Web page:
Nine lit menorah candles for a dementia-friendly Hanukkah

How to have a dementia-friendly Chanukah

A traditional religious festival provides an opportunity for family and friends to celebrate together. Here we provide guidance to support those living with dementia at Chanukah, also known as Hanukkah.

Chanukah is a time for fun within Jewish communities. Family and friends gather together to celebrate this annual Feast of Dedication, which will begin at sunset on 2 December 2018.

This eight-day thanksgiving is an important time within the Hebrew calendar. It carries with it many traditions enjoyed by all ages, including people with dementia. Here are some ways to provide support this Chanukah.

6 ways to enjoy a dementia-friendly Chanukah

1. Include traditional activities that could heighten the senses

Take part in activities such as lighting the Hanukkiah, spinning the dreidel, singing songs and eating Chanukah foods.

Smells, sounds and flavours may act as a ‘reminiscence tool' for someone with dementia, evoking memories from previous years.

2. Explore opportunities of enjoying a dementia-friendly service

Some Jewish community centres or synagogues might offer dementia-friendly services. These may be shorter than normal services, and could have more relaxed rules of conduct. It may also provide an opportunity for loved ones with dementia to hear older Chanukah songs that younger family members may not know.

 In Jewish areas, public candle-lighting ceremonies often take place. This might be a nice activity to consider taking part in. 

If a person is unable to travel to any events or services, it can be helpful to look at ways of celebrating in their own home instead. This may involve watching Chanukah celebrations on television or online, for example, and playing music for them that they will enjoy.

3. Be conscious of making changes to familiar environments

Vision and perception can sometimes be a problem for people with dementia. It may trigger anxiety if there’s a significant change to a familiar environment, particularly if there are lots of visitors.

Ahead of decorating, it may be beneficial to take out the menorah to talk about it. Make gradual changes to the space, such as furniture layout, to avoid confusion or stress.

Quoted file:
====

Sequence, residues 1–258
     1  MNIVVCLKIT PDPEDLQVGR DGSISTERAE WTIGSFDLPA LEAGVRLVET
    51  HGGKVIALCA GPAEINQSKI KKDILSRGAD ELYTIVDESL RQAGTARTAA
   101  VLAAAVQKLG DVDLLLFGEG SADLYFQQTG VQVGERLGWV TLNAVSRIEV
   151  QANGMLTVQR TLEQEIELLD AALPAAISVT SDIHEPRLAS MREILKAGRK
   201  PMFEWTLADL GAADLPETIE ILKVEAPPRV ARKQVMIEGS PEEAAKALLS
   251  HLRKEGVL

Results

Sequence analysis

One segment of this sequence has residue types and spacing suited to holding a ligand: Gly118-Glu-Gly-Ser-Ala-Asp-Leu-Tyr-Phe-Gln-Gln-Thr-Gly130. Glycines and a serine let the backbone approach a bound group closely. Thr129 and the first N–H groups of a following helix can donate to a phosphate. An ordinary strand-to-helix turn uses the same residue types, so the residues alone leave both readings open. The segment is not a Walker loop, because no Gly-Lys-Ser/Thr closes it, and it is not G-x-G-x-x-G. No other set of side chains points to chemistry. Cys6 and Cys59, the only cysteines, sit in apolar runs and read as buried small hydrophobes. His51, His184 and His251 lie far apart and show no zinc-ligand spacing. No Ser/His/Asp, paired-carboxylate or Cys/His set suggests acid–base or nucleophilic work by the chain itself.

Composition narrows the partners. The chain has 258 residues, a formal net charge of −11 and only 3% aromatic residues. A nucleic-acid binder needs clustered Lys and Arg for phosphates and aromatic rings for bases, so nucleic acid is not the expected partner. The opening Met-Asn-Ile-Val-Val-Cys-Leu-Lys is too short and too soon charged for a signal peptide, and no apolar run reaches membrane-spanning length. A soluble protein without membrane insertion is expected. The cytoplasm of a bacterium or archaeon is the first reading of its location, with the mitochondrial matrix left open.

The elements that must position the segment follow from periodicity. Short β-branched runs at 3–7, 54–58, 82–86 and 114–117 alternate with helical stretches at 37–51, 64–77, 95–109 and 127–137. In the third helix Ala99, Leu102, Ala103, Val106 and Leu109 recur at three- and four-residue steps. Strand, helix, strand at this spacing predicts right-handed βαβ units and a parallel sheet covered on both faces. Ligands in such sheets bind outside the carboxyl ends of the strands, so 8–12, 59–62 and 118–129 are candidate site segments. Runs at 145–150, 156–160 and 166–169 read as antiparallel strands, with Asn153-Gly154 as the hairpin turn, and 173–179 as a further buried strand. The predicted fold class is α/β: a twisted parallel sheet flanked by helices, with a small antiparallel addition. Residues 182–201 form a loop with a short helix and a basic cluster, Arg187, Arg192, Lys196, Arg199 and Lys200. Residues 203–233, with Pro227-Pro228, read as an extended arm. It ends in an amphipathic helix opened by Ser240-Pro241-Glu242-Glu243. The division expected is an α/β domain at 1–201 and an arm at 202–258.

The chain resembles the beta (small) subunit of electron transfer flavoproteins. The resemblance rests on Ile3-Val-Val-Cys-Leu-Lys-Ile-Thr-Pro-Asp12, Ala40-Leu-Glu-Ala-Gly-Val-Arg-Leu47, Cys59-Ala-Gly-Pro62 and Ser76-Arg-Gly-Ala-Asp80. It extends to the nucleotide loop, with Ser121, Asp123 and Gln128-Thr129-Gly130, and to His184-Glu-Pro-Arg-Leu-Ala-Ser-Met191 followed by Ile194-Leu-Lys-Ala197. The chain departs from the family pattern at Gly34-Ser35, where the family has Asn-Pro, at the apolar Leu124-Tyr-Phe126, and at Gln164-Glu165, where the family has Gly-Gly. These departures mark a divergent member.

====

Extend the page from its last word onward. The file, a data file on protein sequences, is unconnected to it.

4. Keep plans relaxed and allow for breaks

While having a planned structure can be helpful, it’s important to be flexible in the way you celebrate.

People with dementia may tire sooner or may wish to leave earlier than previous years. Be mindful of their changing levels of comfort.

Ensure a person with dementia has the opportunity to take a break from noise or conversations if they need a quiet space.

5. Encourage eating small amounts of traditional foods, rather than big meals

A person with dementia may feel overwhelmed when presented with a lot of food. Offer manageable servings of traditional treats. This could include potato latkes (crispy fried pancakes) or sufganiyot (small donuts).

If there are lots of distractions, a person with dementia may need gentle reminders to eat or drink.

6. Talk to family and friends about conversation tips

Avoid opportunities where someone with dementia is put on the spot to remember names. Particularly in big families, it may be challenging to remember family connections. If a mistake is made, try not to highlight it too much.

Speak with family members in advance about what they should say, especially younger children.  It may help to avoid embarrassing moments for someone with dementia.

  • Learn about dementia-friendly faith groups, and how faith can play a vital role in the lives and wellbeing of people living with and affected by dementia

 

Chanukah Sameach! (Happy Chanukah!)

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